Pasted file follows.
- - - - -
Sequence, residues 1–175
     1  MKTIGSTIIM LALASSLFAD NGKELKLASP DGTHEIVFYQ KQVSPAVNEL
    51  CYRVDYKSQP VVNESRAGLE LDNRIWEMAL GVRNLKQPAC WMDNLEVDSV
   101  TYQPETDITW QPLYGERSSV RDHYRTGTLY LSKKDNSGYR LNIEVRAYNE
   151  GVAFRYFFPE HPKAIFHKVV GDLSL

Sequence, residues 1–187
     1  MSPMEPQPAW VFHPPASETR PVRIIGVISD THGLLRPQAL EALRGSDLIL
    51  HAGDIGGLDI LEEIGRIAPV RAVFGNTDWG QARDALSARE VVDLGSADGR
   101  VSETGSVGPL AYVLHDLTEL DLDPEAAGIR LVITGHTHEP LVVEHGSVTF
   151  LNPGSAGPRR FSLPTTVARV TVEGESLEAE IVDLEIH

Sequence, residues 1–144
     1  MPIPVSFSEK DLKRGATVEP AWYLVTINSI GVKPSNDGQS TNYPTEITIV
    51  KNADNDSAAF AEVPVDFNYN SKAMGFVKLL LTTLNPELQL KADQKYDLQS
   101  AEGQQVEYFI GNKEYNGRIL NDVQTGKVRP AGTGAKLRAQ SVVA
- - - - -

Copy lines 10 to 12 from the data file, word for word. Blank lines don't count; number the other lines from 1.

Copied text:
   151  LNPGSAGPRR FSLPTTVARV TVEGESLEAE IVDLEIH

Sequence, residues 1–144
     1  MPIPVSFSEK DLKRGATVEP AWYLVTINSI GVKPSNDGQS TNYPTEITIV